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A Life Planning To Do List

The best way to get the most out of life is to do something now. It is important to use your time and money to enjoy today but allocate enough of both to provide for tomorrow. And if you need help, I am here to provide you with Financial Planning for a Balanced Lifestyle. Review the following list, and take steps now to ensure you meet your life’s goals and provide protection for your loved ones.

  1. Make or update your Will and Power of Attorney; consider a Health Care Directive. Discuss the benefits and risks of joint ownership with your spouse (or others), but only after obtaining professional advice on legal, tax and creditor issues.
  2. Make a list of your important documents, information, assets (including original costs) and liabilities, and keep it with your Will.
  3. Pre-plan your funeral, whether you pre-pay for it or not, but consider pre-paying also.
  4. Review your insurance coverage – life, health, disability, home, liability, travel, critical illness, long-term care, etc.
    • Is it adequate?
    • Are the features appropriate for your personal situation?
    • Are you getting the best price?
    • Do you need it and for how long?
  5. Make a list of what you want to do before you are physically unable, and then plan when and how.
  6. Review your savings and investment plans: 
    • At any time:
      • Do you have a liquid emergency fund of 3 – 6 months of living expenses?
      • Are your cash needs for the next 7 – 10 years invested in safe securities?
      • Are your long-term needs invested in a portfolio that you understand, is well-diversified between safety and risk, and for which you agree with the risks?
    • Pre-retirement
      • Are you saving 5 – 10% of your take-home pay on top of any employer savings or pension plans, or 10-15% (minimum) if you have no employer plans?  This includes RRSPs, TFSAs, RESPs, and all savings.
      • Are you increasing the safety of your investments as you get closer to retirement?
      • Are you saving for your children’s education?
      • Are you planning your liabilities to be debt–free by retirement?
    • Retirement
      • Are your day-to-day spending needs for the next 7 – 10 years in short-term, safe (i.e. fixed income) securities that do not fluctuate in value from day to day?
      • Are you evaluating your long-term investment performance at least annually to ensure your future needs will be met when the time arrives?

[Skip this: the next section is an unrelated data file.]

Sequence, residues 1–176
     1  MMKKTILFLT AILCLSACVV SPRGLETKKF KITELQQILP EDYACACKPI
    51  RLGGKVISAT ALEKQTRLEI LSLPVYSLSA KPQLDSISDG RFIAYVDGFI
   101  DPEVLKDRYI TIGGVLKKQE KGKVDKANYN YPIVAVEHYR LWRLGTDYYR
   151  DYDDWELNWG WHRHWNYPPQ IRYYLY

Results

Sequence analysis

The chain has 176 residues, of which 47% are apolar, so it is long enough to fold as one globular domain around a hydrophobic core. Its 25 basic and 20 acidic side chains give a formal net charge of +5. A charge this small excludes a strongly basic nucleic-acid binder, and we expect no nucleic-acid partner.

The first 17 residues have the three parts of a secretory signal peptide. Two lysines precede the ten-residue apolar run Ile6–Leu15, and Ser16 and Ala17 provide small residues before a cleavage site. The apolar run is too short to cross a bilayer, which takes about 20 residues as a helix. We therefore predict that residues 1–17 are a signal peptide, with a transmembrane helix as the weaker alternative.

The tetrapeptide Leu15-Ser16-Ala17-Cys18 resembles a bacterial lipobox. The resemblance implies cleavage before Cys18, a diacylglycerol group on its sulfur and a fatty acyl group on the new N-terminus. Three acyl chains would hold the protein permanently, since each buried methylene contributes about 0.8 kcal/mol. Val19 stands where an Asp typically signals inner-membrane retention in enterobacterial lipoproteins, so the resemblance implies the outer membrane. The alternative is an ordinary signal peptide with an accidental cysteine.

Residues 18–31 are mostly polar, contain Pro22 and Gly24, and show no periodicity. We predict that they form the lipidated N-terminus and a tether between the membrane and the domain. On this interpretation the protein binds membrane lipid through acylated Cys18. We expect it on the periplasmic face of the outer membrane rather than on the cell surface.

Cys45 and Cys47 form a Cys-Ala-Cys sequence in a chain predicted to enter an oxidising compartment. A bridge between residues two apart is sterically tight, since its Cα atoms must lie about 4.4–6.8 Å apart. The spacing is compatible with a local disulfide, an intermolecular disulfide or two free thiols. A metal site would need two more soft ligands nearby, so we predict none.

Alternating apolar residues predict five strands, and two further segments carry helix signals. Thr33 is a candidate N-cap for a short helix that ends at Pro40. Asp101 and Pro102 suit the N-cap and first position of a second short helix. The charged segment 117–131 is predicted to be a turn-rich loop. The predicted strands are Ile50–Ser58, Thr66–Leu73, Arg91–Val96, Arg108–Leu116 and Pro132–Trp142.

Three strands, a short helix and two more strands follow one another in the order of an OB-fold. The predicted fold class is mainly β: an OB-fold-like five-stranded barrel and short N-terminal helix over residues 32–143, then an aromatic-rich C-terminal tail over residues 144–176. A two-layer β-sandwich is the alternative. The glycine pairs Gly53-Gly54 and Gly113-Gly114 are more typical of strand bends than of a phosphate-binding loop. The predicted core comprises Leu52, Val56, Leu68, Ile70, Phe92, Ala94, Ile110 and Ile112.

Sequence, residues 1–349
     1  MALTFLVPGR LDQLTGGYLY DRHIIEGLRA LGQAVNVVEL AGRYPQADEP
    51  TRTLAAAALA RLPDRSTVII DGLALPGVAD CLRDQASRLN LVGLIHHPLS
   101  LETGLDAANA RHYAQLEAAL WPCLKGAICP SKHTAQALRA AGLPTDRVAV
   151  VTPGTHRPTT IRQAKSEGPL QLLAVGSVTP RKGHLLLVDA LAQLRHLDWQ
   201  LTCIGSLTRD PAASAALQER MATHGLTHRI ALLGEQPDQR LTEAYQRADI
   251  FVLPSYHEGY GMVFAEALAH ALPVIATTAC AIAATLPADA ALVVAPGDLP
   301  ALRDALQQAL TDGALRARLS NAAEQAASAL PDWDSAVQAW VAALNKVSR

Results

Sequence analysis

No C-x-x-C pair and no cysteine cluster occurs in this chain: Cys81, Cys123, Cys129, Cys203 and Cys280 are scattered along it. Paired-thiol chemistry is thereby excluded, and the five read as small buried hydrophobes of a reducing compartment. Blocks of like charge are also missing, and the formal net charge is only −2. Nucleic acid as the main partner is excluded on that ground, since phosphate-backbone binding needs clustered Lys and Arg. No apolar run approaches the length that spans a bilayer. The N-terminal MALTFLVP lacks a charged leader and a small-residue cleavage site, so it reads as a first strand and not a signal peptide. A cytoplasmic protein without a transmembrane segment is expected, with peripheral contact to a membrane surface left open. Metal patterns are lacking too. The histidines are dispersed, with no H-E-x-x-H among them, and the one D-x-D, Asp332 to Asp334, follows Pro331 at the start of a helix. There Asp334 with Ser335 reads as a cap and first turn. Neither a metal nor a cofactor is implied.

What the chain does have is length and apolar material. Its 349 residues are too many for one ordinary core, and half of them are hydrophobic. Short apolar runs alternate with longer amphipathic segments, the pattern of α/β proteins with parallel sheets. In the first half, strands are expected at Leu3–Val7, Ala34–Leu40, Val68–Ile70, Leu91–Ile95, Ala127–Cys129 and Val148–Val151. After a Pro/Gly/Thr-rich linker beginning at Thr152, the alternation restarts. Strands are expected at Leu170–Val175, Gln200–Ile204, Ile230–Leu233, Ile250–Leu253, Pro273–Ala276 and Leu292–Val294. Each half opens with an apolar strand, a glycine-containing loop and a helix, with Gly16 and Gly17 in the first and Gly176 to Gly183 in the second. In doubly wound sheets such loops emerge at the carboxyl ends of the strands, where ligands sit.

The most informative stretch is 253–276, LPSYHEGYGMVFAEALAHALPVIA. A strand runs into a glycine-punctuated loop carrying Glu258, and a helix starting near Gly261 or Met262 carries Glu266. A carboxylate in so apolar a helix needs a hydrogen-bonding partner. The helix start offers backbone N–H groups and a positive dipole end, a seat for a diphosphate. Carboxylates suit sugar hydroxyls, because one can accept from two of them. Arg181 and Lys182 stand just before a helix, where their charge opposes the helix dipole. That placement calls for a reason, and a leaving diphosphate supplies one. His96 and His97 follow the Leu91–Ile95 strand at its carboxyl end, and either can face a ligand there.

• Review your lifestyle expenses looking for savings.
      • Comparison shop on all expenses: review your telephone/Internet/television plans; obtain quotes for insurance premiums; review bank account plans to reduce fees; shop for daily needs using lists to avoid impulse buying; buy daily needs in advance when “on sale”; repair or buy used instead of new; and, look at each expense and consider other options.
      • Consider downsizing on housing and automobiles.
      • Buy what you need, not extras because you want them, and not just to keep up with the styles of your friends and neighbours.
      • Educate children on financial management, and control their spending while you can.
  7. If you own a business, think about business succession planning at least five years before you retire. Who will take over, and what needs to be put in place early for a smooth transition (or to maximize your selling price)?
  8. Think about how you can help others, such as:
    • Donate to charity, now or in your Will. Feel good about helping others and reap significant tax savings as a bonus.
    • Make deposits to a Registered Education Savings Plan or Registered Disability Savings Plan for your children, grandchildren or even friends. Benefit from government grants and tax savings.
    • Volunteer for a cause that you like. Enjoy the personal enrichment from doing so.
  9. Expand your horizons with education and take an interest in your own financial situation:
    • Visit a professional tax planner and fee only financial planner every few years to ensure you are doing things right. To get the most out of meetings and seminars, and to reduce fees, write down your questions and objectives before attending.
    • Take continuing education – associations, community courses, self-study on line, etc.
    • Arrange workshops and seminars for your non-profit groups or your company, e.g.,:
      • Free financial literacy courses offered by Chartered Professionals Canada.
      • Seminars sponsored by a business owner for employees on financial planning topics such as basic investing, tax planning and other topics.
      • Free seminars for non-profit organizations by various speakers.

Note 1  More information is available on many of these items noted above on my web site at www.corkumfinancial.ca.  I suggest you find your topics by typing them in the Search Box.

Note 2  I offer seminars on financial planning topics and will be pleased to discuss options with you.

Blair Corkum, CPA, CA, R.F.P., CFP, CFDS, CLU, CHS holds his Chartered Professional Accountant, Chartered Accountant, Registered Financial Planner, Chartered Financial Divorce Specialist as well as several other financial planning related designations. Blair offers hourly based fee-only personal financial planning, holds no investment or insurance licenses, and receives no commissions or referral fees. This publication should not be construed as legal or investment advice. It is neither a definitive analysis of the law nor a substitute for professional advice which you should obtain before acting on information in this article. Information may change as a result of legislation or regulations issued after this article was written.©Blair Corkum